In 1912, a stripped down National “semi-racing roadster”, identical to the car in the collection, won the great Indianapolis 500 race. This was the first and only time a stock car ever won that important competition. By simply removing the fenders, adding a straight through exhaust system, and other basic modifications, Joe Dawson was able to outlast other competitors in this grueling trial, averaging 48.22 MPH. The decision to enter this by the Indianapolis based company was on a lark, probably the result of their autochthonous relation with the track.
National had the most enviable and successful career of all of the American pre-World War I race cars. For instance, in 1911, in a combination of road races, speedway races, hill climbs and dirt track races, they won a total of 84 times, came in second 48 times and third 30 times. The huge 7 liter, four cylinder T-head had staying power. From 1910 to 1913 they cataloged a model 40 semi-racing roadster with larger carburetors, engine modifications, and no place for any electrics. It was a pure road racer which earned its on-track record by sheer hard work. Then suddenly, in 1913, they stopped racing.
National was a luxury car, which had a glorious, but relatively short lived competition career. Most of the racing was done between 1910 and 1913, at which time it rivaled and generally beat most of its competition. After World War I, however, financial difficulties ensued and the company changed hands one or two times before its demise in the early 1920s.
It is apparent that this car has spent most of its life in California. According to the records of the Los Angeles County Museum, they acquired the car sometime around 1937 from a donor in San Jose. It is interesting to speculate on a, perhaps, romantic history here as well. An interesting photograph shows a very young Bing Crosby seated in a National semi-racing roadster with California producer George Cox at the wheel. This car has all of the external features identical to the collection’s car. Based on Crosby’s age, the photograph was probably taken in the late teens.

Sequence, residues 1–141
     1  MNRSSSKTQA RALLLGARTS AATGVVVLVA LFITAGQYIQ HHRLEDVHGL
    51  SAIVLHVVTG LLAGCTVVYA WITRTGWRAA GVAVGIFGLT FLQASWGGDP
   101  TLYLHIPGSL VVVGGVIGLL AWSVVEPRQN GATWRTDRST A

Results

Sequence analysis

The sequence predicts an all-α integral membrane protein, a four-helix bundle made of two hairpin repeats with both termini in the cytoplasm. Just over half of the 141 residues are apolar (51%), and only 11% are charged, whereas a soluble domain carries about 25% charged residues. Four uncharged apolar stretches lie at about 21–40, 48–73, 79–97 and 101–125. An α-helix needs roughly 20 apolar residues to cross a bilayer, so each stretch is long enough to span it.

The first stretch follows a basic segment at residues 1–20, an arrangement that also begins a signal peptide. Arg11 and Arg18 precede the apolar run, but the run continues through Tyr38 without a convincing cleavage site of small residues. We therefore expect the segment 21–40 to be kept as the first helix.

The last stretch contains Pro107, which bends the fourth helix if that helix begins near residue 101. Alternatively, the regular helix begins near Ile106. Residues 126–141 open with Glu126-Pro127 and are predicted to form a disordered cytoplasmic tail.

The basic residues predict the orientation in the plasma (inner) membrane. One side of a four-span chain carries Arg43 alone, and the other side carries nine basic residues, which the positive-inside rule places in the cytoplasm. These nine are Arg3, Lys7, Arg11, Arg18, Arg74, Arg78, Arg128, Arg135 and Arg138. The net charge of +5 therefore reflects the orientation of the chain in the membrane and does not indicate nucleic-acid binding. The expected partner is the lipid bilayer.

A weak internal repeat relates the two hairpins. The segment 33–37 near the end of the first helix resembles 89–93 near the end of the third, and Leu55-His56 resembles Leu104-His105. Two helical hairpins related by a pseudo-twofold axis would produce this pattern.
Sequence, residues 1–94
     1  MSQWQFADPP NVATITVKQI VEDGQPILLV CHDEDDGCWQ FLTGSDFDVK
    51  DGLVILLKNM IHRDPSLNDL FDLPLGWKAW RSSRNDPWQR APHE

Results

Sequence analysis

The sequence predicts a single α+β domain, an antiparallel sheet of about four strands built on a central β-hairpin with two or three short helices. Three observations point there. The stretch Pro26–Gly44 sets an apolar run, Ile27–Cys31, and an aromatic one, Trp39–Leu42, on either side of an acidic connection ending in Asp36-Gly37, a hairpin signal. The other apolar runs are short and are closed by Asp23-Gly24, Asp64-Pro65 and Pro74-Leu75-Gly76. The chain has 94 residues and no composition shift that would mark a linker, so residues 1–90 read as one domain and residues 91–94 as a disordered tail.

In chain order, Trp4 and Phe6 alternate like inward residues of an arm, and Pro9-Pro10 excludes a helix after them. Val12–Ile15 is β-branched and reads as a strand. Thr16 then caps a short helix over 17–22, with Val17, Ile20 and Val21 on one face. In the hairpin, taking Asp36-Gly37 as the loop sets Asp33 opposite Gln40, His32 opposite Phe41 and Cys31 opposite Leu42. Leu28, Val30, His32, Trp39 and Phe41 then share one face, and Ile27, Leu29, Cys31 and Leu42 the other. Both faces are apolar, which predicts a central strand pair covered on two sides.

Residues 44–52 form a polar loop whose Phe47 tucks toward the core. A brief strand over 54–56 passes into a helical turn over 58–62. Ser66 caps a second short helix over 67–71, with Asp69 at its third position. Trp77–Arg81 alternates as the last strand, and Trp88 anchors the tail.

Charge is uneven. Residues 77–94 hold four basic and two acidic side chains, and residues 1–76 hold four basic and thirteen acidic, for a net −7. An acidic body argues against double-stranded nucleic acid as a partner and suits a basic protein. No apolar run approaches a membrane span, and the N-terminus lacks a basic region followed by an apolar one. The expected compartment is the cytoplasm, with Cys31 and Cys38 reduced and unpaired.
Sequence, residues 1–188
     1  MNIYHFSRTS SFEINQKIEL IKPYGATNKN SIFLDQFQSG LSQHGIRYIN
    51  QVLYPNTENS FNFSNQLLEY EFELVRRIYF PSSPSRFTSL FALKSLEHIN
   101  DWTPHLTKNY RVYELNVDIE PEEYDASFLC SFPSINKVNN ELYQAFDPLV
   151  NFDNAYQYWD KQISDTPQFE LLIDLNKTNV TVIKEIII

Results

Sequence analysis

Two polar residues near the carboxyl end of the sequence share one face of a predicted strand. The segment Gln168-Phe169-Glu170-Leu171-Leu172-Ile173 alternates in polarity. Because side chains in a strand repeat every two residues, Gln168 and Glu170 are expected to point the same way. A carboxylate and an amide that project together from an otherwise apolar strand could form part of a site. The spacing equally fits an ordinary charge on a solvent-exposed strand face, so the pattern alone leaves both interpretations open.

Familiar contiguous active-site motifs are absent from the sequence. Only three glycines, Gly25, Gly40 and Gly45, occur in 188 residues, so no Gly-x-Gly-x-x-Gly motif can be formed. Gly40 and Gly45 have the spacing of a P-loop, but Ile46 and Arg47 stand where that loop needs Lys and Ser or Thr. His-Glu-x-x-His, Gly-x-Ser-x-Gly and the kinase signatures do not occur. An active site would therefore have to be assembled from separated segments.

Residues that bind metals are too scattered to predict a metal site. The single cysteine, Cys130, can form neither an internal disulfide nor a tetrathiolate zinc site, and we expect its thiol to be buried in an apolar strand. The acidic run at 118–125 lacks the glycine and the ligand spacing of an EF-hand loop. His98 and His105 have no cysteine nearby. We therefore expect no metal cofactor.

In 1943, some members of the Horseless Carriage Club of America photographed our car in the Los Angeles County Museum as it appears today. Records indicate that in the 1960s, the car was “deaccessioned” from the museum to famed race car collector Lindley Bothwell. According to Mrs. Bothwell, it was subsequently sold to the Harrah Collection some time in the 1970s. Our collection obtained the car shortly after the auction sale of many of the cars in the Harrah Collection. Very few of these road racers were sold. Could this be George Cox’s?
She is basically unrestored with most of its original upholstery. It has been repainted National Gray, but, otherwise retains its original features, included nickel plated bright parts, linoleum, and all mechanical features. Without a starter, this car must be cranked and at 441 cubic inches, it is quite a feat to get it running. Once in motion, the ride is powerful and exciting, although the nugatory brakes require one’s thinking ahead before attempting to stop. This is the rarest and most powerful of the great pre-World War I sports car racing trio in America; Mercer, Stutz, and National. There is only one other original semi-racing roadster know by me to exist.